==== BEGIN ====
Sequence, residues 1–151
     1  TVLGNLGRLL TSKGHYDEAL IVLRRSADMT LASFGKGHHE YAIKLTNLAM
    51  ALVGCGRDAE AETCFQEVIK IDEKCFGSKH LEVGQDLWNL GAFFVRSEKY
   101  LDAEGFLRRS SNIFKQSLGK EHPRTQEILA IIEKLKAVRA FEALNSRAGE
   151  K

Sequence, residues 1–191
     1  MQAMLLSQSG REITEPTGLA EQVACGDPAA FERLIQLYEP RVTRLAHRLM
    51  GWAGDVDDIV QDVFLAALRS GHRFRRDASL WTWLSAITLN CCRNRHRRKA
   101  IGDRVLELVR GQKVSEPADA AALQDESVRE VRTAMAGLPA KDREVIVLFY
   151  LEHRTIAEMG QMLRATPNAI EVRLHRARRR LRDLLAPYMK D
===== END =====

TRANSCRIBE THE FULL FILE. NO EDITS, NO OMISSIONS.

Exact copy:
Sequence, residues 1–151
     1  TVLGNLGRLL TSKGHYDEAL IVLRRSADMT LASFGKGHHE YAIKLTNLAM
    51  ALVGCGRDAE AETCFQEVIK IDEKCFGSKH LEVGQDLWNL GAFFVRSEKY
   101  LDAEGFLRRS SNIFKQSLGK EHPRTQEILA IIEKLKAVRA FEALNSRAGE
   151  K

Sequence, residues 1–191
     1  MQAMLLSQSG REITEPTGLA EQVACGDPAA FERLIQLYEP RVTRLAHRLM
    51  GWAGDVDDIV QDVFLAALRS GHRFRRDASL WTWLSAITLN CCRNRHRRKA
   101  IGDRVLELVR GQKVSEPADA AALQDESVRE VRTAMAGLPA KDREVIVLFY
   151  LEHRTIAEMG QMLRATPNAI EVRLHRARRR LRDLLAPYMK D